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Monday, September 23, 2019
Today’s Scripture Reading | Jeremiah 8:18–9:1
My joy is gone, grief is upon me, my heart is sick. Hark, the cry of my poor people from far and wide in the land: “Is the Lord not in Zion? Is her King not in her?” (“Why have they provoked me to anger with their images, with their foreign idols?”) “The harvest is past, the summer is ended, and we are not saved.” For the hurt of my poor people I am hurt, I mourn, and dismay has taken hold of me. Is there no balm in Gilead? Is there no physician there? Why then has the health of my poor people not been restored?
O that my head were a spring of water, and my eyes a fountain of tears, so that I might weep day and night for the slain of my poor people! (NRSV)
Lamentation is a soft word. You could apply it to your disappointment when the team you root for loses a game. “Oh, it’s so sad that the pitcher hung a curveball and gave up the game-winning home run.” Lamentation is a euphemism, and like all euphemisms it conceals something much less pleasant to look at.
Grief. You don’t grieve a ninth-inning loss. In fact, to say that would make a mockery of grief. Everyone who has grieved knows. The pain that goes to the core of your core, the feeling that the world is smaller, emptier, and will never be the same again . . . that’s not something to treat lightly.
Jeremiah is mourning here. “For the hurt of my poor people I am hurt, I mourn, and dismay has taken hold of me.” He can’t see any hope for things to be put right. “Is there no balm in Gilead?” His people are wrecked, and he is grieving for them. “O that my head were a spring of water, and my eyes a fountain of tears, so that I might weep day and night for the slain of my poor people!”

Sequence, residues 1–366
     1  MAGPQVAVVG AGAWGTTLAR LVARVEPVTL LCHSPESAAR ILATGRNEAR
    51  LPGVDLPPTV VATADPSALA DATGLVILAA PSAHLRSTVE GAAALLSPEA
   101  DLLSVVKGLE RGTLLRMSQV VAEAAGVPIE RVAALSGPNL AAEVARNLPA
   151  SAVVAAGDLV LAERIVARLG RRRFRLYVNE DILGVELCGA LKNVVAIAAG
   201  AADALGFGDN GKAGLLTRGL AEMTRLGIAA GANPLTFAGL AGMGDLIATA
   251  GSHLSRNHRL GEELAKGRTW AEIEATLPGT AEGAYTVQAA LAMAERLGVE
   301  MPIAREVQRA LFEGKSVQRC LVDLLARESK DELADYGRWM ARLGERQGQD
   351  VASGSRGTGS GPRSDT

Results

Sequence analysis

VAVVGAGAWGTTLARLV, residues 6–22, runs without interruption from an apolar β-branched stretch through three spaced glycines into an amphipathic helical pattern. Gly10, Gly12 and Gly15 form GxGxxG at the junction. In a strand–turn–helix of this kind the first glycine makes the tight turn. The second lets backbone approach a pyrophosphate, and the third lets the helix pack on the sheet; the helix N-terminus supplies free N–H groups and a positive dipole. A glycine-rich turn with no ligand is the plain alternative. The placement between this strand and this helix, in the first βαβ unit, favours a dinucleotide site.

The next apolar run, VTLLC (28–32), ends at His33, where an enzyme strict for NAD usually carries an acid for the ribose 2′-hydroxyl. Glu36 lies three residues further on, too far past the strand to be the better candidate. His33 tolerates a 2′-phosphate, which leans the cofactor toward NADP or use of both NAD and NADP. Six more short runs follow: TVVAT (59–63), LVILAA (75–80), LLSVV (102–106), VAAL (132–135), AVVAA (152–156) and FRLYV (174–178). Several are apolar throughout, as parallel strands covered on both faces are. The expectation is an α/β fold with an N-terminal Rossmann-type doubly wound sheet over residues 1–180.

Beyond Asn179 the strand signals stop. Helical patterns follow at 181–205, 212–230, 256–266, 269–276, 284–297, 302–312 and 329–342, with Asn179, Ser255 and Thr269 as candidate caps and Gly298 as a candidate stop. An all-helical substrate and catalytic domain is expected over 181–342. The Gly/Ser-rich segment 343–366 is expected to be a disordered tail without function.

It’s a feeling that is not unfamiliar to many these days. It doesn’t take a microscope to see a wounded people. You look for some solace, some relief from the pain, some hope that things will get better. Better for all the people.
The thing about grief, though, is that there isn’t an instant cure. When the wounds are that deep, there is no magic wand to wave to make them all go away. If someone says, “I can fix it all,” they don’t respect the nature of grief. It’s something you have to go through to rebuild a sense of a world that can hold some good, some joy, some sense of wholeness.
It takes its own time. Quick cures are a lie. All we can do is go on in faith that time will do its restorative work.
Lord, we know what it is to grieve. Grant us the faith and the patience to endure the time of grieving and the strength to rebuild from our losses. Amen.
Written by Rob Koon, Coordinator of Fine Arts
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